The ‘American Dream’ – Financed By Debt
Phew! The USA managed to not go bankrupt on Monday (5 June). But it was a close-run thing. At the last minute, President Joe Biden and Speaker of the House Kevin McCarthy sealed a deal which permitted Congress to raise the federal debt ceiling, in return for promised spending cuts. If the debt ceiling of $31.4 trillion had not been raised then, technically, the US Treasury would not have been able to redeem maturing T-bonds and bills, and the largest economy in the world would have gone into default. That would, as Treasury Secretary Janet Yellen foretold, have had all kinds of ramifications for both the US and global financial markets.
On closer inspection, however, these promised cuts don’t amount to much. They are all related to discretionary spending such as infrastructure, and are scheduled to occur over 10 years, mostly at the end of that period. Moreover, new spending programmes and emergency contingencies are sure to be invoked over the next decade, thus offsetting any anticipated cuts. It proved politically impossible to cut burgeoning entitlement programmes such as retirement pensions, Medicare (health care for the retired), Medicaid (health care for the least well off) and student loans.
The working assumption now is that the US federal fiscal deficit for 2024 will be around the $2trn mark (that’s 2,000 billion greenbacks for the number-blind). Even Goldman Sachs, which is usually soft on big government, opined that: “The spending deal looks likely to reduce spending by 0.1-0.2 percent of GDP year-on-year in 2024 and 2025.”
For 137 years after the Declaration of Independence from King George III in 1776, Americans managed successfully without a central bank and thus without a monopolistic fiat currency and a national debt. But finally, in December 1913, under the presidency of Woodrow Wilson (1856-1924), the Federal Reserve (Fed) was inaugurated. From thereon in, any fiscal deficit incurred by the federal government had to be financed by the issuance of US Treasury Department certificates affectionately known as T-bills and T-bonds.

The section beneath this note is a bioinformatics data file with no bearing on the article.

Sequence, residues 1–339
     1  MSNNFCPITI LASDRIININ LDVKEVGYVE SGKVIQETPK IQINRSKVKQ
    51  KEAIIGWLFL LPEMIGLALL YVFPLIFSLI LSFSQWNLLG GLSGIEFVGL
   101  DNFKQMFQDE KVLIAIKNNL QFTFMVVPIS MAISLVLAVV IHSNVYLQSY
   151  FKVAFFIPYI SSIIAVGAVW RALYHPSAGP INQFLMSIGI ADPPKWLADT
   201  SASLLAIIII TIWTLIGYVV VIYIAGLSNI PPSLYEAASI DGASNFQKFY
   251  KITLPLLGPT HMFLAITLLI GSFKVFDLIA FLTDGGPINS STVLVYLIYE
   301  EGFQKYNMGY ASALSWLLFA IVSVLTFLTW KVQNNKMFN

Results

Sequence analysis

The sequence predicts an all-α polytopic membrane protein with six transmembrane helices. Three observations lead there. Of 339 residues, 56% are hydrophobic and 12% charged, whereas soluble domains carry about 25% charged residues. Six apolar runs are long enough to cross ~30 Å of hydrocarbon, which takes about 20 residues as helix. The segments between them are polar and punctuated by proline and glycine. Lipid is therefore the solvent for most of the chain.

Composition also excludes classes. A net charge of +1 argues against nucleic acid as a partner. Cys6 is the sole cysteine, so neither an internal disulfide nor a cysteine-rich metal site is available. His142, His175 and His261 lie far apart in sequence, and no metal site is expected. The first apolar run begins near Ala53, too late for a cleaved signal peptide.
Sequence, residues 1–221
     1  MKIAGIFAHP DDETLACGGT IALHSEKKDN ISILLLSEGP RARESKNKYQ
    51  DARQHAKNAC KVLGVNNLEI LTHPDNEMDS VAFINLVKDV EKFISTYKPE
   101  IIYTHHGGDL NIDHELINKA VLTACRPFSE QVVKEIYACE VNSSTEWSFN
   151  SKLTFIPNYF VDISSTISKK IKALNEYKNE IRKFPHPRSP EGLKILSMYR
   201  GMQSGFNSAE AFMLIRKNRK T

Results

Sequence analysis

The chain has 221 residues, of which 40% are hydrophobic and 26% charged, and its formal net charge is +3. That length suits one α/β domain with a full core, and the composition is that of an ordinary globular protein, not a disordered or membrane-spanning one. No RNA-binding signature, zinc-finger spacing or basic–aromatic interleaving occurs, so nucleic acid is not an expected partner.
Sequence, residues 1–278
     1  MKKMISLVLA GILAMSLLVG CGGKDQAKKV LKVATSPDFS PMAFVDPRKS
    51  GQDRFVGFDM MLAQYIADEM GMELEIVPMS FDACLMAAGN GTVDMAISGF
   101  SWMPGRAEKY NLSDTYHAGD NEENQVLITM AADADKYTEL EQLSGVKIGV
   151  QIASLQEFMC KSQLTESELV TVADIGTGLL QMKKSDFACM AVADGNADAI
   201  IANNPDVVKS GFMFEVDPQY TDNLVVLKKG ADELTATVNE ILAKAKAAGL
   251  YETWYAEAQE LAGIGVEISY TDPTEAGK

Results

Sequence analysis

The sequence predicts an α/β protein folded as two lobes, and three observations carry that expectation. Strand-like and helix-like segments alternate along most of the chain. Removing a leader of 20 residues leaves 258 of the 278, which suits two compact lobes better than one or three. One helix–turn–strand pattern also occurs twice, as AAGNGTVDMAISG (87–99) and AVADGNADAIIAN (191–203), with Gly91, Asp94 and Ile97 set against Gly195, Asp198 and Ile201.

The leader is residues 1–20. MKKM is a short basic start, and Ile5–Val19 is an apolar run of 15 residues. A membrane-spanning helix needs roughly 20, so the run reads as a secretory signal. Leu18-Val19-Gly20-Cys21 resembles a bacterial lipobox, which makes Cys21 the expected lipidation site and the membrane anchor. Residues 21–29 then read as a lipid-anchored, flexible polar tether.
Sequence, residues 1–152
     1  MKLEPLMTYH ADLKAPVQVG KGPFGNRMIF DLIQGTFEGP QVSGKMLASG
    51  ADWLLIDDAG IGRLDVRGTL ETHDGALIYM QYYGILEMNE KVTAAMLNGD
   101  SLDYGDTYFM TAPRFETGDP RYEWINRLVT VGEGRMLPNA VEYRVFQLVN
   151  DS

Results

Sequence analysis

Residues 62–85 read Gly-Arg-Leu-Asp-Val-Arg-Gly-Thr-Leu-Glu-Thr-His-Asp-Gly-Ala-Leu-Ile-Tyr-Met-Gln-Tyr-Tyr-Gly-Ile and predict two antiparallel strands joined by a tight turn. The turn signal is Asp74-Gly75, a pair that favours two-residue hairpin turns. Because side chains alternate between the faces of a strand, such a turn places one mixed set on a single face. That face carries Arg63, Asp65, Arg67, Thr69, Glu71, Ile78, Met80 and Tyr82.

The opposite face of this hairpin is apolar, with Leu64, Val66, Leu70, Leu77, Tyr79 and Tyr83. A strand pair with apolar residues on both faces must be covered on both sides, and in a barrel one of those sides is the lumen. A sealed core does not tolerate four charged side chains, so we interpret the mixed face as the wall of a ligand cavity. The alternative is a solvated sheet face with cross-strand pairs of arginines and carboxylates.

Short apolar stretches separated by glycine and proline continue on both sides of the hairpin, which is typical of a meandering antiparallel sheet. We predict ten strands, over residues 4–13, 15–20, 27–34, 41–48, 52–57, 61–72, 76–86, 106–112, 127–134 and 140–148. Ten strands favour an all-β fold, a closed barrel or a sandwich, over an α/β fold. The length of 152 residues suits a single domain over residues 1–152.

These days, the US federal government owes more than $30trn in outstanding IOUs – and rising. That is not only a lot of money − it’s an almost unimaginable amount of money. If someone could earn one dollar per second, it would take them over a million years to repay the US federal debt – and that’s without servicing the interest costs. What’s more, as interest rates rise, the interest cost of that debt pile is increasing to previously unparalleled levels. Right now, the US government is paying $61bn in interest payments alone every month. During the years of near-zero rates the interest cost of the federal-debt pile amounted to around 1.5 percent of GDP. Next year it will be around 2.7 percent. And that figure is likely to rise further.
The 10-year plan entails cumulative budget deficits of in excess of $20bn, running at around 6-8 percent of GDP per year. So, by 2033, the US national debt could be more than $50trn. Even given the most optimistic scenarios for GDP growth, that might equate to about 200 percent of GDP. The officially non-partisan Congressional Budget Office (CBO) projects that the US debt-to-GDP ratio will rise from 98 percent in 2023 (a figure some think is an underestimate) to 118 percent in 2033 and to 195 percent in 2053.
Just as in the UK, as I have considered here previously, the welfare budget is growing faster than the economy. Spending on social security and Medicare is projected to rise as a share of annual GDP from 8.2 percent in 2023 to 10.1 percent in 2033 and to 11.9 percent in 2053.